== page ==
I closed my eyes and prayed.
I didn’t expect to be doing it, and I knew it was pointless. Everybody knew by now that there was no one listening. But I couldn’t think of anything else to do. Hell, at that moment I didn’t even care that it was banned, what more could they do to me? I’d be in the exact spot I was now anyway. So it didn’t really matter.
The baying crowd jeered and shouted obscenities in my direction. Mothers, fathers, shop keepers, even children: all had gathered to see me fall. I wasn’t sure whether to be disgusted or proud of such a large and passionate turnout. It was hard to imagine that anybody in the crowd didn’t know who I was. I’d probably arrested or killed a relative of most of them. This was their chance for a little pay back, the chance to see ‘that bastard’ get what was coming to him. I’m sure that was what most of them were thinking.
As rotten food and vegetables struck my face, time and time again, I twisted inside my steel bindings, trying in vain to find a more comfortable position. But there was none; the cold metal clamped even tighter around my wrists. It was midday by this point, and I was as exposed as anybody out there. The sun’s rays had been pounding me for over an hour; my entire body screamed out for shelter. You could have fried a draken egg on me at that point, I was that hot. Sweat coursed out from every pore; the sun assaulting me from the outside, fear, I’m ashamed to say, ate me up from within.
The surrounding horde suddenly fell silent. I knew by now that this meant Locke was making his way up the steps and into position. Even if I hadn’t seen it a hundred times before, his putrid stench growing stronger and stronger told me. The clang of metal behind me signalled the revealing of ‘The Captain’, as it had become known. Locke used to call it his ‘Decapitator’, a name which was used for quite a while, and usually shortened to ‘Decap’. But one day, as we prepared to off a group of Marginals (for looting, as usual), one of them screamed, “Please no, not Le Captain!” The dumb fuck. It caught on after that. Whatever its name, it was Locke’s weapon of choice. I’d lost track of the amount of heads this weapon had removed, but it was many. Locke would tell you the number was in the thousands. He was probably right.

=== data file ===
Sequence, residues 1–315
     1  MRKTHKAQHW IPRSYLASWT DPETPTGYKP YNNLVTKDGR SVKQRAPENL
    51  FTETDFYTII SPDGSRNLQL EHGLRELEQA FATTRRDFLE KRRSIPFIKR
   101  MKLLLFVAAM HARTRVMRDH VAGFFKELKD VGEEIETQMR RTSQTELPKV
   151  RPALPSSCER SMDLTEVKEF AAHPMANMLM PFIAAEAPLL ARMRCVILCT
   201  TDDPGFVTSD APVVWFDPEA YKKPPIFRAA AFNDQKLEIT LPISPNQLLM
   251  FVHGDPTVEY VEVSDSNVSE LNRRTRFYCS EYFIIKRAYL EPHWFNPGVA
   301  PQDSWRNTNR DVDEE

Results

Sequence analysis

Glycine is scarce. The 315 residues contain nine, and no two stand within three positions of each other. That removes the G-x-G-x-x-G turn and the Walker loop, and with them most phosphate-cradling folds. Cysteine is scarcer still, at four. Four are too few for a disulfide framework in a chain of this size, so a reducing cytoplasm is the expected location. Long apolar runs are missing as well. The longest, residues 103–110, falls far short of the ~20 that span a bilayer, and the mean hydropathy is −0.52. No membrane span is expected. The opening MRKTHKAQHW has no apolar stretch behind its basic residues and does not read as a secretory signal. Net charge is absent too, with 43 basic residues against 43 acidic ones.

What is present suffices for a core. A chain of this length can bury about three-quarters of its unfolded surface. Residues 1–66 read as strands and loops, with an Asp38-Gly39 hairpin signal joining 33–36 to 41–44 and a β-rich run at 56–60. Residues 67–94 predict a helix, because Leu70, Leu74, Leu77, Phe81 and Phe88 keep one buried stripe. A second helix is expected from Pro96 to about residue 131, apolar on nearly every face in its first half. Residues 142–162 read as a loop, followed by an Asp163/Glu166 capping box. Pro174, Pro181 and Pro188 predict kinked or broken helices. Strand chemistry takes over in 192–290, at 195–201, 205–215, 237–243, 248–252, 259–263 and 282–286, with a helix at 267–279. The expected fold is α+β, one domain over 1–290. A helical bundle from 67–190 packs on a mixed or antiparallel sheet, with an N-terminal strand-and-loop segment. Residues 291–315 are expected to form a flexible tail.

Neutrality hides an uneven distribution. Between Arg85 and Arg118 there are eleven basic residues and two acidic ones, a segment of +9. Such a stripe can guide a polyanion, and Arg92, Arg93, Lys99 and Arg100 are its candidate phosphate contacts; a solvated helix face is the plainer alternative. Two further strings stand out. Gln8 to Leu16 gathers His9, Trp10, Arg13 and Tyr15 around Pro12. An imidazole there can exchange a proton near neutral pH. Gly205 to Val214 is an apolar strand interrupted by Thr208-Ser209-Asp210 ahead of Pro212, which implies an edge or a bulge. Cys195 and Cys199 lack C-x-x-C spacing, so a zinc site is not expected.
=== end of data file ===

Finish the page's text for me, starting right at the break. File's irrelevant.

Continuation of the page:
A burst of cold air brushed my face and the crowd’s silence was broken. Their screams coincided with what I knew was the raising of the axe. I didn’t have long. As the crowd’s euphoria grew, as their screams and chants and wails reached a crescendo, I squeezed me eyes closed just that little bit harder. As if, in some way, it would protect me further from what was about to happen. I’d witnessed citizens do this, from the other side, many times before. I’d always laughed. But, as I led there, wondering why nothing had happened yet, it didn’t seem so funny.
Marcus and the rest of the team should have begun the assault by now. The raising of the axe, when all eyes were forward, on the stage, on me, was the signal. Why hadn’t they moved? We’d carried out this sort of operation many times before, and we never missed a mark. Ever. As I reopened my eyes to get one last glimpse around me, I could only think that one of two things had happened. Neither was good news for me.
One: something had gone wrong. If The Dean had somehow got wind of the plan, he could have had the entire group placed under arrest and held in The Cellar. But that would have meant we had a leak. There’s no other way he could have found out. So, even if we, I, somehow got through this, we would have another problem to deal with.
Or two: and I knew this couldn’t be true, but, maybe, maybe this was the plan all along. As I led there, seconds left to live, I ran the plan through my mind. Its inception, the planning, the build up: had I missed something? Was I expendable after all? No, surely not.
My only hope was that there had been a slight blip. That a momentary delay meant Marcus hadn’t already fired. But that he was in position, about to fire at any second. About to save my ass and give Keeley the time to hold up her end of the plan.
As Locke bellowed out his familiar battle cry, I knew the axe was about to come down. He’d drive the crowd into a frenzy, until their ravenous hunger for blood was bursting out of them, before finishing me. It was the big build up before the pay-off, the foreplay before the climactic ecstasy. I’d seen it a hundred times before, and it always ended the same way: with a head rolling down the steps, and the horde throwing it around like one of those old leather balls children used to play with, sometimes found over the wall. And so, as the axe swung down, I could think of nothing else to do.
I closed my eyes and prayed.